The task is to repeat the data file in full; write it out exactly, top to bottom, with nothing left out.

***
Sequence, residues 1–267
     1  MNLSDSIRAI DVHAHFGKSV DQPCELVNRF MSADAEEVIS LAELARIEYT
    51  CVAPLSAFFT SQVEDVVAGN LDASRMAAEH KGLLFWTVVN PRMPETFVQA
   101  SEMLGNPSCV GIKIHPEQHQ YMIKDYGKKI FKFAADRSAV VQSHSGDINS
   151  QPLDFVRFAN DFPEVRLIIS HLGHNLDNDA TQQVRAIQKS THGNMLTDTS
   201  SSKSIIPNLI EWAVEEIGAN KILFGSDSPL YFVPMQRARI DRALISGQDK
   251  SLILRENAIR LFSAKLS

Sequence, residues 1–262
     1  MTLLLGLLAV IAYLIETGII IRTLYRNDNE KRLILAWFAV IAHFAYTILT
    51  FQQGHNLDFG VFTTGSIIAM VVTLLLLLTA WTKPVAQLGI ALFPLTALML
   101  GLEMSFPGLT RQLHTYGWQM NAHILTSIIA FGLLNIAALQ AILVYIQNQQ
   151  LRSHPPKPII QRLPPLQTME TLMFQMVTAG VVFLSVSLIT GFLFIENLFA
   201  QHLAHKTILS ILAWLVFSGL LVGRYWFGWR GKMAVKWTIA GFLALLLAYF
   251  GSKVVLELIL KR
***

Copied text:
Sequence, residues 1–267
     1  MNLSDSIRAI DVHAHFGKSV DQPCELVNRF MSADAEEVIS LAELARIEYT
    51  CVAPLSAFFT SQVEDVVAGN LDASRMAAEH KGLLFWTVVN PRMPETFVQA
   101  SEMLGNPSCV GIKIHPEQHQ YMIKDYGKKI FKFAADRSAV VQSHSGDINS
   151  QPLDFVRFAN DFPEVRLIIS HLGHNLDNDA TQQVRAIQKS THGNMLTDTS
   201  SSKSIIPNLI EWAVEEIGAN KILFGSDSPL YFVPMQRARI DRALISGQDK
   251  SLILRENAIR LFSAKLS

Sequence, residues 1–262
     1  MTLLLGLLAV IAYLIETGII IRTLYRNDNE KRLILAWFAV IAHFAYTILT
    51  FQQGHNLDFG VFTTGSIIAM VVTLLLLLTA WTKPVAQLGI ALFPLTALML
   101  GLEMSFPGLT RQLHTYGWQM NAHILTSIIA FGLLNIAALQ AILVYIQNQQ
   151  LRSHPPKPII QRLPPLQTME TLMFQMVTAG VVFLSVSLIT GFLFIENLFA
   201  QHLAHKTILS ILAWLVFSGL LVGRYWFGWR GKMAVKWTIA GFLALLLAYF
   251  GSKVVLELIL KR